The Monmouth County Board of Freeholders has unveiled a new seal for the county.
“The updated design is in keeping with the intention of a previous freeholder board who, on March 9, 1798, ordered a seal with a ‘Plough and the letters Monmouth,’ ” Freeholder Director Lillian G. Burry said.
“There can be little doubt that our forefathers, and mothers, knew that agriculture would always be part of our local economy. The new seal includes a historically accurate image of a moldboard plow with the words ‘County of Monmouth’ and ‘New Jersey’ encircling the border of the seal,” Burry said.
Commonly used in Monmouth County for centuries, the moldboard plow has a curved metal plate that turns over the earth from the furrow. Plows similar to the one depicted in the new seal are used to till the fields at Historic Longstreet Farm in Holmdel, according to a press release.
“The green field and the brown furrows on the lower half of the new seal represent Monmouth County’s green spaces and active farmland,” Freeholder Deputy Director John P. Curley said. “As the plough is pushed through the soil it creates long trenches, or furrows, in the fertile soil; the green field is a nod to both locally grown crops and open space preservation.”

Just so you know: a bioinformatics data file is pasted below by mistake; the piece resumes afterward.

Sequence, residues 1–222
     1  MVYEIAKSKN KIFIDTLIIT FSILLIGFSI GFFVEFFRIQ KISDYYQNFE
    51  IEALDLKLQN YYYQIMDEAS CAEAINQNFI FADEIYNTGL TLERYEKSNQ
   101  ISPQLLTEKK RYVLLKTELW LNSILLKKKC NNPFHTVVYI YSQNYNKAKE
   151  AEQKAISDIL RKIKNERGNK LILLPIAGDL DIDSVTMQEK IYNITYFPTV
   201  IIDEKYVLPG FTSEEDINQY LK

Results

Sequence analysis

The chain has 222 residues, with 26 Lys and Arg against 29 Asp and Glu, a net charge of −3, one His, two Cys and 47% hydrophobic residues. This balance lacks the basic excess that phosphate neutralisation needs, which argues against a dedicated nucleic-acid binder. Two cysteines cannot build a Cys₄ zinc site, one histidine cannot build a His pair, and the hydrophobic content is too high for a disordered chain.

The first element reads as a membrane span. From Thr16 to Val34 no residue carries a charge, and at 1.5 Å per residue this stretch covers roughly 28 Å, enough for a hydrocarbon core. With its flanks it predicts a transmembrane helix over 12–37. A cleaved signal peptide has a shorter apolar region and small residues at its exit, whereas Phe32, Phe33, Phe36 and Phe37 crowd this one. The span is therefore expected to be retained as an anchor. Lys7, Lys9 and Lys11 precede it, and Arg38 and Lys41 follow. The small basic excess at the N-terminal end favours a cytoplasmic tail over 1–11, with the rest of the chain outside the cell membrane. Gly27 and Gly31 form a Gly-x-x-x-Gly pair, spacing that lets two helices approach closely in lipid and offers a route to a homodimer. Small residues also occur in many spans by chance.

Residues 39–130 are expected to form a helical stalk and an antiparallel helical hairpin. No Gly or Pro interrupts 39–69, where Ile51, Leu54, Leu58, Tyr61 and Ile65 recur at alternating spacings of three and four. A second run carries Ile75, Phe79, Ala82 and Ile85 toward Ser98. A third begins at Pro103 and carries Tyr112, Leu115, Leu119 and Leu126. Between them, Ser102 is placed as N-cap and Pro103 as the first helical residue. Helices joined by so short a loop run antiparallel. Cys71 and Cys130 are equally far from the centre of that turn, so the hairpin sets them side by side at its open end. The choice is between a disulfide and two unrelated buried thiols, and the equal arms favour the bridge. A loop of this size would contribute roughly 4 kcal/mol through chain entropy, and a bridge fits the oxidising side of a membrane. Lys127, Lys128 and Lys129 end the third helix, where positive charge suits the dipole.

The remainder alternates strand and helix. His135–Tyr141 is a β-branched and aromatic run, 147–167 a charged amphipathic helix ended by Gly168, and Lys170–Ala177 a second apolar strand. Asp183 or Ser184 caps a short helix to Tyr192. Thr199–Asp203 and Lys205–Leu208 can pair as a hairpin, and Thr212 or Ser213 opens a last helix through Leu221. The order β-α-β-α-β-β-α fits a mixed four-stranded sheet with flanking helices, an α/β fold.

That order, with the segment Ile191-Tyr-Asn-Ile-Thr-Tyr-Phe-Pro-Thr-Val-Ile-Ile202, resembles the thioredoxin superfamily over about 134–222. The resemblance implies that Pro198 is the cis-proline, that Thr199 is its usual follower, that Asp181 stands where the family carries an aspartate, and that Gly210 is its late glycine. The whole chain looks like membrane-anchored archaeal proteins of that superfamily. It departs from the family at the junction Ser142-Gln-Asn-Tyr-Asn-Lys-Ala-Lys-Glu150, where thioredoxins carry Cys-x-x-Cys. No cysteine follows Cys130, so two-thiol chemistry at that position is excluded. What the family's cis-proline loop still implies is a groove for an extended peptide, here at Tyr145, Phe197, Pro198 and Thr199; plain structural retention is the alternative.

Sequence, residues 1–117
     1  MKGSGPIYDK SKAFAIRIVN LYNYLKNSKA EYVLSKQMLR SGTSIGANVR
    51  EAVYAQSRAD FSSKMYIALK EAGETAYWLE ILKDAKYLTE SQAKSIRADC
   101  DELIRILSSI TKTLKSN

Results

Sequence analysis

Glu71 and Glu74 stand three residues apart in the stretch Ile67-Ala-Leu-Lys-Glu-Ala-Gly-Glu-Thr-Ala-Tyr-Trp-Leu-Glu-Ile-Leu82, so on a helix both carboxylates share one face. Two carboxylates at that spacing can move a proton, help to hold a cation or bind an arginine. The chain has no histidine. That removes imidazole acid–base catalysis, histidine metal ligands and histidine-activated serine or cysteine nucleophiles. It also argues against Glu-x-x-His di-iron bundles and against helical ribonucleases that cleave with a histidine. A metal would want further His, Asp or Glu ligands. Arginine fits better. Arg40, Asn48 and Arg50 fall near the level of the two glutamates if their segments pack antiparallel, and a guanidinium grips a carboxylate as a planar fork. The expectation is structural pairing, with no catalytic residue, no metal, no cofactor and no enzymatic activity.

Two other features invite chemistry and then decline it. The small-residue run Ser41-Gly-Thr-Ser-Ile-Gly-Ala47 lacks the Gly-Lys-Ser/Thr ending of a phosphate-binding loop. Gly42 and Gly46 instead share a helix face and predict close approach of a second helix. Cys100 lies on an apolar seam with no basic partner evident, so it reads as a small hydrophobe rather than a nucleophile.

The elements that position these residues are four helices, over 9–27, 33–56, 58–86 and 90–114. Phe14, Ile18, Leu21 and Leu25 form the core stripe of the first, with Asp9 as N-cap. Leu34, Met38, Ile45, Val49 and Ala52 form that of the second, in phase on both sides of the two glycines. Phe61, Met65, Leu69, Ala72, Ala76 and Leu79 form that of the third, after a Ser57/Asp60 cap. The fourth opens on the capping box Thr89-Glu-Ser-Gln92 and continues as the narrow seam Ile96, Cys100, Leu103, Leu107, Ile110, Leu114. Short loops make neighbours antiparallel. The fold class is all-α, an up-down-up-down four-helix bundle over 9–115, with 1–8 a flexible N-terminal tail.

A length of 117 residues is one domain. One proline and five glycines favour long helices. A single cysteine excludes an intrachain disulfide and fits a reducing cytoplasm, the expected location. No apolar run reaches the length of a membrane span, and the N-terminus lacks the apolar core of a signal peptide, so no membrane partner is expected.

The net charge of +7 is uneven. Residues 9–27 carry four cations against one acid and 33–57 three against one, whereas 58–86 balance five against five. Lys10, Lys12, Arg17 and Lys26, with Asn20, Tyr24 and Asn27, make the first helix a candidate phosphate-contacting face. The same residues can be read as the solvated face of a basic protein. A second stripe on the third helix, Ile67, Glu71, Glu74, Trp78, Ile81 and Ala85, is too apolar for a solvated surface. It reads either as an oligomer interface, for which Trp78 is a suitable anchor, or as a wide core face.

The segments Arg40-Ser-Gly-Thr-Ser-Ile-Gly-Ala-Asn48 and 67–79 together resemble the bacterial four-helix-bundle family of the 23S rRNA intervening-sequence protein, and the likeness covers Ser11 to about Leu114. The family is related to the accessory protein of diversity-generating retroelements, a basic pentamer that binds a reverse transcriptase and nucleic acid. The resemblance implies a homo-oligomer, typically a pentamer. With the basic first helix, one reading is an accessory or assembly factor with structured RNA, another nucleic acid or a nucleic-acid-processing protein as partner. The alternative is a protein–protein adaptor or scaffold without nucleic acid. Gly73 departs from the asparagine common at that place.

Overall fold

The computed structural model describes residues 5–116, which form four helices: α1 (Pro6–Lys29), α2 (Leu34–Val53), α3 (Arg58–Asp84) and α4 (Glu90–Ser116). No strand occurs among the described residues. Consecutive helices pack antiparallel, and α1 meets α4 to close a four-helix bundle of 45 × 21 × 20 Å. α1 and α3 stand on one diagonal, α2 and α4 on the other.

“The tree line and blue sky represent the county’s long-standing commitment to land preservation for the purpose of protecting farmland, open space and water resources,” Freeholder Thomas A. Arnone said. “Monmouth County is a state and national leader in preservation with more than 15,000 acres of preserved farmland and more than 16,500 acres of county park lands.”
“A great addition to the new seal is including the year in which Monmouth County was carved out of the Province of East Jersey,” Freeholder Serena DiMaso said. “On March 7, 1683, the Provincial General Assembly created the counties of Monmouth, Bergen, Essex and Middlesex.
“Pushing the plow forward is a farmer,” Freeholder Gary J. Rich Sr. said. “Representing the hardworking spirit of the people of Monmouth County, the farmer works from sun-up to sundown. Our workforce continues that tradition in the farm fields, offices, retail shops and our many Made in Monmouth businesses.”
The new seal will be incorporated in county communications and be placed on the county flag and county vehicles, signs and other identifiers as items are replaced or upgraded, according to the press release.